ST. LOUIS - Incumbent Democratic U.S. Sen. Claire McCaskill has successfully defended her seat against Republican challenger Todd Akin.
The Associated Press called the U.S. Senate race for McCaskill, who leads Akin with a 51-42 margin with 80 percent of precincts reporting.
The doors to McCaskill's watch party opened around 7 p.m. and flooded immediately with at least 50 supporters. By the time 8 p.m. rolled around hundreds of Claire's supporters filled the ballroom, gathered around a big screen television that was streaming CNN's election coverage.
In her victory speech at Chase Park Plaza in downtown St. Louis, McCaskill said Akin, "graciously called me, he graciously congratulated me, I recognize his years of public service and his patriotism."
Akin gave his concession speech at his Chesterfield watch party, using the time to thank his supporters.
"And I believe in my heart of hearts, that as long as we have the courage to stand for what's right and what's good even when its very difficult to do, this republic will continue to bring hope to the world and truly be that shining city on the sea," Akin said.
McCaskill also dedicated her victory to her late mother, Betty Anne McCaskill, who passed away only eight days before the election.
She was considered one of the most vulnerable Democratic senators in the country at the beginning of the election cycle.
"And they all said, 'it's over, it's done, it's too red, it's just too red. There is no way Claire McCaskill can survive,'" McCaskill said. "Well you know what happened? You proved them wrong."
McCaskill's status as one of the most vulnerable Democratic senators changed, however, after Akin made remarks about women's bodies preventing pregnancies in cases of “legitimate rape," which attracted national attention.
Throughout the campaign, McCaskill worked to portray herself as a "moderate" in the Senate, while she dubbed her opponent as "too extreme." McCaskill criticized Akin's calls to privatize Medicare and eliminate the federal school lunch program. Her campaign had to deal with its own criticisms when questions emerged about the senator's delayed tax payments on her private airplane and $40 million in stimulus money that went to companies affiliated with her husband, Joe Shephard.
Akin won the Republican primary against his two main rivals, Sarah Steelman and John Brunner. McCaskill meddled in the GOP primary running negative ads against all three major candidates, although the ad against Akin called him the "true conservative" in a possible attempt to appeal to conservative voters.
The St. Louis congressman made national headlines in August with his comments on "legitimate rape." His controversial comments severely decreased his approval rating among his GOP supporters as he continued to campaign for the Republican slot in the Missouri Senate race. Many groups from the Republican party pulled support for his campaign after his comments gained widespread attention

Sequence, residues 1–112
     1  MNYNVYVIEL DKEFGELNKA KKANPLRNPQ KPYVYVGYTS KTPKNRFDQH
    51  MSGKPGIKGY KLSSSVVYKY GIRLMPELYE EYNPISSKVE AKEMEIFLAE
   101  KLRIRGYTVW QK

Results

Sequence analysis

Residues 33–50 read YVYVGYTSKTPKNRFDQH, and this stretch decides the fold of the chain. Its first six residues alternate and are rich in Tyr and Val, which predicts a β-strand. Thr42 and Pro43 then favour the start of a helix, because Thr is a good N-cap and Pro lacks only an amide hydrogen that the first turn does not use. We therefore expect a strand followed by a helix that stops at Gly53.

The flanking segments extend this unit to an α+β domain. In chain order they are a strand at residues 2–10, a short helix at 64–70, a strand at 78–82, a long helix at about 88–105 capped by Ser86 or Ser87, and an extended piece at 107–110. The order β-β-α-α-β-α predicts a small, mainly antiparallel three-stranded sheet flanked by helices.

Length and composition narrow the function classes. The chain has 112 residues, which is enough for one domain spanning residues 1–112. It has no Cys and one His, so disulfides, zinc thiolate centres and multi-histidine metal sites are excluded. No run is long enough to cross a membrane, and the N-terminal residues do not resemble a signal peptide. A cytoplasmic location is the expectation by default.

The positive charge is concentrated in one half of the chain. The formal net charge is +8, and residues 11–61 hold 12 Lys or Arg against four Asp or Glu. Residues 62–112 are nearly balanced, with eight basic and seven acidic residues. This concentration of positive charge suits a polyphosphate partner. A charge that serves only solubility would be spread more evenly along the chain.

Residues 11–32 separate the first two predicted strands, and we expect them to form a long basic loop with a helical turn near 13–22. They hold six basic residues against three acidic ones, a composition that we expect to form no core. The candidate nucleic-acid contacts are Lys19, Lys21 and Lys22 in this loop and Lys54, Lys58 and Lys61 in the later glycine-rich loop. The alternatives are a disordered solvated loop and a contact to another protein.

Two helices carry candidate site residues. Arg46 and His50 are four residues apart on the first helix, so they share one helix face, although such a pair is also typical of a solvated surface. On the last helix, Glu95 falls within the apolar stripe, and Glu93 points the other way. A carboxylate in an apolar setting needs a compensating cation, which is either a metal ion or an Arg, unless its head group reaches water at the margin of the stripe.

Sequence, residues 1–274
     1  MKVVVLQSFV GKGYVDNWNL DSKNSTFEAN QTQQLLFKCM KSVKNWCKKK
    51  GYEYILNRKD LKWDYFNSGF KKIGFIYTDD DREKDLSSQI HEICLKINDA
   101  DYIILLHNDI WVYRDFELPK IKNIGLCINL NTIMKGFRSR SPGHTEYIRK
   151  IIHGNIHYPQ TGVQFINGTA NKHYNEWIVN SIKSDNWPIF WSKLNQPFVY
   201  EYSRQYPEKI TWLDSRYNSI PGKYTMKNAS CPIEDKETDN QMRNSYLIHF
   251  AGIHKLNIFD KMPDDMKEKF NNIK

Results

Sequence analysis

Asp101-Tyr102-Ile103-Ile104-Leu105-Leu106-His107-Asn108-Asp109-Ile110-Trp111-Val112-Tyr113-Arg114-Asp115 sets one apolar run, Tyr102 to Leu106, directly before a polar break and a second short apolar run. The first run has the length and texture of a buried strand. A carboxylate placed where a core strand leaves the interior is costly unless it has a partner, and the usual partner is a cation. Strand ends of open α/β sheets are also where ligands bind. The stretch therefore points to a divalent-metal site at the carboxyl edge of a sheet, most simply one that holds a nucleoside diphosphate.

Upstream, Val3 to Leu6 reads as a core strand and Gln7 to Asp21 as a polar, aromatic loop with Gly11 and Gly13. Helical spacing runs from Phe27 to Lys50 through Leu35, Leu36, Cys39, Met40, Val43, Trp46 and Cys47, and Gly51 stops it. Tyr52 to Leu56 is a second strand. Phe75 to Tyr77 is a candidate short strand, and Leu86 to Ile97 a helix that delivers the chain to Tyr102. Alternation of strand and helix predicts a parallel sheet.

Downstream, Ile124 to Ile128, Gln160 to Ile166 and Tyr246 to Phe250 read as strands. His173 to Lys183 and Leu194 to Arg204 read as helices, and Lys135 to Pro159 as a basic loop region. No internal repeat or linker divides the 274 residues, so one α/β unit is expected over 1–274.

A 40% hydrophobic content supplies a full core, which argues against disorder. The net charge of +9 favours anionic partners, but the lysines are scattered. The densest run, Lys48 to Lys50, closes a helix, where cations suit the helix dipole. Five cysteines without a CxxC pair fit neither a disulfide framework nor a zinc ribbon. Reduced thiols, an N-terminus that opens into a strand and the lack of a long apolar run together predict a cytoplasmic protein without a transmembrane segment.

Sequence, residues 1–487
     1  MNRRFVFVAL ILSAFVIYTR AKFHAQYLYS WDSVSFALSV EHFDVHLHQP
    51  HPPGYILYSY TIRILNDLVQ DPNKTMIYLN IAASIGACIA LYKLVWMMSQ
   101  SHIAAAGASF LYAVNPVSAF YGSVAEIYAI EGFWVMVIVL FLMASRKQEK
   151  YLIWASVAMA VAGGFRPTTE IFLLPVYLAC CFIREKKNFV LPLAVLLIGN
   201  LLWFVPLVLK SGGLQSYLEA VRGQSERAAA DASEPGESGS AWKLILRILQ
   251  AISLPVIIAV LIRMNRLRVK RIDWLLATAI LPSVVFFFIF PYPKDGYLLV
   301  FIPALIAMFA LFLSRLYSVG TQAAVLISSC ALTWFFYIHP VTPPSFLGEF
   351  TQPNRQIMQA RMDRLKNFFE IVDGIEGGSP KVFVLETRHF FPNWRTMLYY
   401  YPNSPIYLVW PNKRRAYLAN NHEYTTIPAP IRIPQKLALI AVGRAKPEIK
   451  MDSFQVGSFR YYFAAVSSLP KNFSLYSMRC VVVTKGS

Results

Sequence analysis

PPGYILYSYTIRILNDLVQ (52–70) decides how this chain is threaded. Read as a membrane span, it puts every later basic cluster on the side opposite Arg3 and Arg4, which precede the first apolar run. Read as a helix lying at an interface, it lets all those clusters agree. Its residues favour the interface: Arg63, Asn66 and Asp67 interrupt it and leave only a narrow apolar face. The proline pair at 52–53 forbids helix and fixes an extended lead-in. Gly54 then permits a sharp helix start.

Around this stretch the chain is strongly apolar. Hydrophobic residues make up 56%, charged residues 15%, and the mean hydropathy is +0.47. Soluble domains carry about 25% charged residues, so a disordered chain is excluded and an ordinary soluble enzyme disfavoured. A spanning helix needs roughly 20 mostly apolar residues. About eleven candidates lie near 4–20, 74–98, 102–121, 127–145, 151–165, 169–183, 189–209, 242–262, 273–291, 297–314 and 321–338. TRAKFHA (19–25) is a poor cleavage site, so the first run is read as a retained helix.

Akin was urged by presidential candidate Mitt Romney to abandon the race for the Senate seat shortly after his comments. Many conservative groups pulled funding for Akin, including Karl Rove's Crossroads GPS, which pulled funding and advertisements from Missouri.
Big names in the GOP that did not urge Akin to drop out of the race included Mike Huckabee, Rick Santorum and Newt Gingrich. While Santorum simply stated his support for Akin, both Gingrich and Huckabee campaigned on the St. Louis congressman's behalf, appearing at Akin's campaign rallies and political ads.Though Akin's campaign was plagued by his controversial remarks, the McCaskill campaign still raised and spent a considerable amount more than Akin's. McCaskill raised a little over $16 million, and spent close to all of it. Akin, however, only raised and spent about $4.5 million in contributions.
Before Akin's comments on "legitimate rape," polls showed him to be ahead of McCaskill. After his remarks, McCaskill gained a lead, though the race was still close.
In many of McCaskill's recent ads, she used Akin's words against him. One ad featured sexual assault victims speaking on why Akin should not be voted into office, though since then Akin has released his own ad featuring rape victims in support of him. McCaskill has also released ads calling Akin "scary" and including clips of Mitt Romney when he said Akin should drop out of the race shortly after Akin's controversial remark.
Akin also tried to tie the incumbent to unpopular policies of President Barack Obama including the Affordable Care Act and the 2009 economic stimulus.
Throughout the campaign, McCaskill said she will work to protect tax cuts for working families and small businesses. She opposes the privatization of Social Security and Medicare. McCaskill supports a ban on earmarks, unlike Akin who supports using the practice.
McCaskill supported Barack Obama’s presidential campaign in 2008 and supported his health care law and economic stimulus package. McCaskill votes in favor of many women's issues, including the Lilly Ledbetter Fair Pay Act in 2009 and the Reauthorizing the Violence Against Women Act in 2012. She typically votes pro-choice. Another goal of McCaskill's is to make college more affordable and create student loan reform.
McCaskill disagreed with President Obama by voting in support of the Keystone XL Pipeline.
McCaskill served on in the state House of Representatives from 1983-1989. She then served as the Jackson County Prosecutor from 1993-1998. In 1999 she began her work as the state Auditor of Missouri and held the position until 2007. In 2006 she became the first woman from Missouri elected to the U.S. Senate when she defeated Republican incumbent Jim Talent, but not the first to serve. Jean Carnahan served from 2001 until 2003 after her husband died during his campaign for office. McCaskill ran for governor of Missouri in 2004 but narrowly lost to Matt Blunt.
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